I was recently reminded of a thought-provoking but often-overlooked essay by Peter Naur from 1985 called “Programming as Theory Building” (scan here, plain text here). He suggests that, “…programming properly should be regarded as an activity by which the programmers form or achieve a certain kind of insight, a theory, of the matters at hand. This suggestion is in contrast to what appears to be a more common notion, that programming should be regarded as a production of a program and certain other texts.” His thoughts on what programmers actually do, especially when modifying programs, seem directly relevant to most research software development. In particular, when the Jupyter Notebook and R Markdown are discussed as ways to make research more reproducible, I wonder if part of that is to encourage the programmer to make her theory of what she’s doing explicit.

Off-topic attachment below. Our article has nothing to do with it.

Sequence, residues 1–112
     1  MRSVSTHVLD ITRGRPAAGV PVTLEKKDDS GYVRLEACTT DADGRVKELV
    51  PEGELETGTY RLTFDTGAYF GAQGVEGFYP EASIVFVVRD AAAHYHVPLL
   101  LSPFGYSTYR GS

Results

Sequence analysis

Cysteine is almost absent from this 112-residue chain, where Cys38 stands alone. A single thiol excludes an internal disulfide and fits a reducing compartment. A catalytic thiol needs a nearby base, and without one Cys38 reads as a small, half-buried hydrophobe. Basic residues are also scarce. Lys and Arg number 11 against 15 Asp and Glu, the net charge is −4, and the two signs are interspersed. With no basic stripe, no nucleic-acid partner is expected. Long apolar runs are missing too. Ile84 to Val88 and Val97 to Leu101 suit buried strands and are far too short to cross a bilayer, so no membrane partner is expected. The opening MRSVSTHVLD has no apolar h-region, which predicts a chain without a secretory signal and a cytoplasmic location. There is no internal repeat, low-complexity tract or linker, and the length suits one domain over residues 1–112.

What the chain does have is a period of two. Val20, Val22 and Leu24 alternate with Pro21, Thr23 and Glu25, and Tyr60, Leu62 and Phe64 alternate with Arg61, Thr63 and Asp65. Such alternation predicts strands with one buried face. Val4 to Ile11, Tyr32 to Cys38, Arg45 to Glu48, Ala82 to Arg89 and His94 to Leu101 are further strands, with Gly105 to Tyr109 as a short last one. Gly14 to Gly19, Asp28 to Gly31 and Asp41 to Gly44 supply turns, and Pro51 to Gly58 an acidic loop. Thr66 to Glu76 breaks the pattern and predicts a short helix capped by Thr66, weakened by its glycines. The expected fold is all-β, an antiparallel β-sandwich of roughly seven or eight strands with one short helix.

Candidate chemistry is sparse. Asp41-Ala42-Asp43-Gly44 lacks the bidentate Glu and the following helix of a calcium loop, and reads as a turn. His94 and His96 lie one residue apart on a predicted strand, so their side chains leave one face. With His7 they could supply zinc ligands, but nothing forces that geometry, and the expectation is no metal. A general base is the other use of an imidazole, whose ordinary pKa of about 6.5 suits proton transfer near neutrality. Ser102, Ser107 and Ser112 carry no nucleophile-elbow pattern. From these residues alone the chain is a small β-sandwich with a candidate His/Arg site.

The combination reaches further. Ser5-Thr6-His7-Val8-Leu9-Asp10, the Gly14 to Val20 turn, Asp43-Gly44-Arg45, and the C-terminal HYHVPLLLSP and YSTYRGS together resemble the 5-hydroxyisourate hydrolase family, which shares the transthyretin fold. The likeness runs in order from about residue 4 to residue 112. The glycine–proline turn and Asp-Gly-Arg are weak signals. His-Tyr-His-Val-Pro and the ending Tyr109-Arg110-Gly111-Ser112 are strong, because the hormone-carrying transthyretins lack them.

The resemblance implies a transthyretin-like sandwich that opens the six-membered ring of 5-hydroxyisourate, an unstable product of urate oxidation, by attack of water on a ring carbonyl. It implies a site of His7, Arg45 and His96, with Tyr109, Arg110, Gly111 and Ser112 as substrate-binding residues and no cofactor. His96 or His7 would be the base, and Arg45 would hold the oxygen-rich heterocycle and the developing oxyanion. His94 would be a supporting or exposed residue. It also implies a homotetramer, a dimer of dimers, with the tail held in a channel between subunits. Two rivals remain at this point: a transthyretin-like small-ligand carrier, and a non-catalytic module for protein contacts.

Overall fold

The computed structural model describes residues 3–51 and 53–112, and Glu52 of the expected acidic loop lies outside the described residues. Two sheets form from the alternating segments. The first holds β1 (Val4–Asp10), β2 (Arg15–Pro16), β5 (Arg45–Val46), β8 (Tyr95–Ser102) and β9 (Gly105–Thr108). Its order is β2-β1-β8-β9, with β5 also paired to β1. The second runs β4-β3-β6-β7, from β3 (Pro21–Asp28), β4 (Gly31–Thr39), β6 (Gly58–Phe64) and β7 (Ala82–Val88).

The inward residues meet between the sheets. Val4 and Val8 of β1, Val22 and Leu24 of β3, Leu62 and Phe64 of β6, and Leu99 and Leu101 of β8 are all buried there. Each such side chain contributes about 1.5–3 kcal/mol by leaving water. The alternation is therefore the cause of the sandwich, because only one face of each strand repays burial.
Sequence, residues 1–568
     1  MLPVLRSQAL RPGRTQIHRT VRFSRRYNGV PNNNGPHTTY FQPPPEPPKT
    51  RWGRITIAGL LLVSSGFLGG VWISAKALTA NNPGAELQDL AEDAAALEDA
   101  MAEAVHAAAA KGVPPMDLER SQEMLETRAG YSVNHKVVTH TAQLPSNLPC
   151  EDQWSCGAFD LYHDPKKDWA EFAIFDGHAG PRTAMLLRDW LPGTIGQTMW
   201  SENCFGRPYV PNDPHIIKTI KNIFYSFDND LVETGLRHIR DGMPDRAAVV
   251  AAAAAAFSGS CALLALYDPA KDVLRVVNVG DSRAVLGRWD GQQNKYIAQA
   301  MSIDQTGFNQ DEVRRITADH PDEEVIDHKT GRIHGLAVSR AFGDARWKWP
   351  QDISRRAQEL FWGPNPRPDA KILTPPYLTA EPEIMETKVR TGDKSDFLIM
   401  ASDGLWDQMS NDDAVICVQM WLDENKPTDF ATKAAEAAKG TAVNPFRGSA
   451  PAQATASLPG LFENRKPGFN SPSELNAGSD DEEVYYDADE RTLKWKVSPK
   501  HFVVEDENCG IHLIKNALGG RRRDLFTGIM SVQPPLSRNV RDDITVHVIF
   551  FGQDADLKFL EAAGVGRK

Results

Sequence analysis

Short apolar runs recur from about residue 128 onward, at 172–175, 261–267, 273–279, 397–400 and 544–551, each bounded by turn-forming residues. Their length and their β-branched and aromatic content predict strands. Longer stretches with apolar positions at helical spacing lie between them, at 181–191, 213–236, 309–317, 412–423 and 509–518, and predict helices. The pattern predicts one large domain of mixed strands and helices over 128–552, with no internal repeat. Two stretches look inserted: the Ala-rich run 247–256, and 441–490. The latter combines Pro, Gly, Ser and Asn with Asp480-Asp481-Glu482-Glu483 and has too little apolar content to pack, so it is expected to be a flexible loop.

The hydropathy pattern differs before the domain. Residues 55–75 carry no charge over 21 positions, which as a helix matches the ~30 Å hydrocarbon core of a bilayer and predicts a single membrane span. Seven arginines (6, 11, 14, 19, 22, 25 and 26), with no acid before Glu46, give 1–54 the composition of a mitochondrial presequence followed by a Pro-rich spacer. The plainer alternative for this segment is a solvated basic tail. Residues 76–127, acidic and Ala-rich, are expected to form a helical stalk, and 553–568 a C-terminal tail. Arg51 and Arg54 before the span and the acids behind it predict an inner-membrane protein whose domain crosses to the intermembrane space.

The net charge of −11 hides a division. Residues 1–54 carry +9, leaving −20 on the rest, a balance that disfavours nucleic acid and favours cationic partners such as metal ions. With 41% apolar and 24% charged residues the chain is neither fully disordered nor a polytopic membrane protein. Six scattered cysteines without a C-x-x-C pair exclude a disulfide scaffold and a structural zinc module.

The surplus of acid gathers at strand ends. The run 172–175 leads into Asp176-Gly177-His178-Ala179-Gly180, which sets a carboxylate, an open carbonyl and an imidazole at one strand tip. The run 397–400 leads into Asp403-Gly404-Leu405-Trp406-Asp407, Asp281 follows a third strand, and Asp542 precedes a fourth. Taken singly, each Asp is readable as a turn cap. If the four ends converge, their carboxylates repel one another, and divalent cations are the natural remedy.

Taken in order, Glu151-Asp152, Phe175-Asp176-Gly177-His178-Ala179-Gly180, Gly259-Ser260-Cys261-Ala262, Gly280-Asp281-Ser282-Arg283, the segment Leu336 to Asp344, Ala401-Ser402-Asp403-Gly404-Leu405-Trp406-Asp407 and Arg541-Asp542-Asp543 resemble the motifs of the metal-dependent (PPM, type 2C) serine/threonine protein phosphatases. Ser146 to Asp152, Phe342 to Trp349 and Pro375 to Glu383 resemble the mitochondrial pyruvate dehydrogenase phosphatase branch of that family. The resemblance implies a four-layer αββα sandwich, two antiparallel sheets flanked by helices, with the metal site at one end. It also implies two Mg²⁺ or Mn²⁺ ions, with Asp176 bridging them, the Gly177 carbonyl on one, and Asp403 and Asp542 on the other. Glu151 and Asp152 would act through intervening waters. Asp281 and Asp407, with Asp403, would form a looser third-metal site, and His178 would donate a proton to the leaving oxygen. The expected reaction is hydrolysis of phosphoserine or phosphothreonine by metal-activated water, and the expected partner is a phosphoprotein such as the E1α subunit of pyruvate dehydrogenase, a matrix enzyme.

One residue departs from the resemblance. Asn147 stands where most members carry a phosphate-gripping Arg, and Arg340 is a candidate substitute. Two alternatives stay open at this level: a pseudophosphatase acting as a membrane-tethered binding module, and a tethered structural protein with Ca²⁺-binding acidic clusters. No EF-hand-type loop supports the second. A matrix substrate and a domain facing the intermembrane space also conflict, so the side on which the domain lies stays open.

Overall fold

This post originally appeared in the Software Carpentry blog.